Butterflies might be experts at using auditory clues to figure out when they’re about to become lunch, according to a new discovery. Butterfly auditory organs are still being figured out; we’ve only known for about a century that they can hear at all. So it was quite a surprise when Kathleen Lucas of the University of Bristol in England found that blue morpho butterflies not only sport tiny ears on the bases of their wings, but can distinguish between high and low-frequency sounds.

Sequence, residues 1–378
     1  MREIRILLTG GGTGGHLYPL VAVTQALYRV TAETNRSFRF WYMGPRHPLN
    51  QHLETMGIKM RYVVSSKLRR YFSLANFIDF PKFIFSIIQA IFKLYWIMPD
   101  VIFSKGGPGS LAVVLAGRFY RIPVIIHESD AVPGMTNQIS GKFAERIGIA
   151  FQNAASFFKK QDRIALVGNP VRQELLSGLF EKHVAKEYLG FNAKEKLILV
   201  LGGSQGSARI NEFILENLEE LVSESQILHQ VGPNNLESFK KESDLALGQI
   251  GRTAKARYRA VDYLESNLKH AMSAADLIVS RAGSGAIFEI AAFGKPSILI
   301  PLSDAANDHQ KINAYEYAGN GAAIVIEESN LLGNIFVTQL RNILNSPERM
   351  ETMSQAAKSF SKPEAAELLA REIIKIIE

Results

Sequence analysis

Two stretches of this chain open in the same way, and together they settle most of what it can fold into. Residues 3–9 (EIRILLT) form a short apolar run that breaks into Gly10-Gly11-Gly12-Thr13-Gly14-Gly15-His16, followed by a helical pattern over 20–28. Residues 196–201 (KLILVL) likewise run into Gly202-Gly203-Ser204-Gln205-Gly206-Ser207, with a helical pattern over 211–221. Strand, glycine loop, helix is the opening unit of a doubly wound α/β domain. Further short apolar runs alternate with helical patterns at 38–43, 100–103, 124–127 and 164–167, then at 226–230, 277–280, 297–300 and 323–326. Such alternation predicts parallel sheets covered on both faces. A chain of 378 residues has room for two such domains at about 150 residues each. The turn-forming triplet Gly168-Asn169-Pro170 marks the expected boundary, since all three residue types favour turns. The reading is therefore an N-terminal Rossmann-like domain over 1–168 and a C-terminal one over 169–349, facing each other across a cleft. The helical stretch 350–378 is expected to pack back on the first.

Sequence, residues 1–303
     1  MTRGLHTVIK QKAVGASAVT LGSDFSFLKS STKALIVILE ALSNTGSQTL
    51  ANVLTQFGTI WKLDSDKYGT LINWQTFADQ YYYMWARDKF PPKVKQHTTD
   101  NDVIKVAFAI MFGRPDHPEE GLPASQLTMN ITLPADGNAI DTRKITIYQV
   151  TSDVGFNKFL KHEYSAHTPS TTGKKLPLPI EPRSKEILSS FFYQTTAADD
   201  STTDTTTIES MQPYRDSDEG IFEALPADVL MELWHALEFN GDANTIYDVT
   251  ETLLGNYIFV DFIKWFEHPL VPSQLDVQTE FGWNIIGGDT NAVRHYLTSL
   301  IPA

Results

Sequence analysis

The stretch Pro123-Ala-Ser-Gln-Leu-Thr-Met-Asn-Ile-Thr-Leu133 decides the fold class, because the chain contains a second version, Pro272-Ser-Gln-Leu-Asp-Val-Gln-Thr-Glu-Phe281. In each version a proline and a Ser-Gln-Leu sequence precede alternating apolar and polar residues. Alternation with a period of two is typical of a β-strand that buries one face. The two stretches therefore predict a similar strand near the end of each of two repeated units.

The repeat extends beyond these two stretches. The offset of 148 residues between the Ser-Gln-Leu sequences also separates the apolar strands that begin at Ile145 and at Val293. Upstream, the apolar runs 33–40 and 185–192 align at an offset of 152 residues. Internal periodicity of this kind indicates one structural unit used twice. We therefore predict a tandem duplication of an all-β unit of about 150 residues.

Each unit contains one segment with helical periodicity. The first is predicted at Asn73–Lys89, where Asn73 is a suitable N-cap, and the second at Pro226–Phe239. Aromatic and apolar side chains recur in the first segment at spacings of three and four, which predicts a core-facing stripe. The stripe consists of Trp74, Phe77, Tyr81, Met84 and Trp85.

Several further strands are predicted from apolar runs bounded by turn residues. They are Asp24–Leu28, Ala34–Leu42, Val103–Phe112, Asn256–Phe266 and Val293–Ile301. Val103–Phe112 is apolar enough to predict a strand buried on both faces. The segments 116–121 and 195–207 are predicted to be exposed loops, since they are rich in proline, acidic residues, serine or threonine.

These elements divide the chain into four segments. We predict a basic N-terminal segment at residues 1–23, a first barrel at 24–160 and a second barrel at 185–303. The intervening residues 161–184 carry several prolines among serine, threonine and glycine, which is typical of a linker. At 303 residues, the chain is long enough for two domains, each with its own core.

Such an advanced ear (above, left) is very rare among similar insects; moths and other butterfly species can hear in a very limited frequency range and take any sound in that range as a threat. Researchers suspect that the blue morpho uses different types of sounds to determine when to stay still (its very visible blue wings are hidden when it’s sitting still) and when to fly. High-frequency sounds, like a bird’s song, are an indication to stay put. Low-frequency sounds, like a bird’s flapping wings, are the blue morpho’s cue to get out of there before it becomes bird food.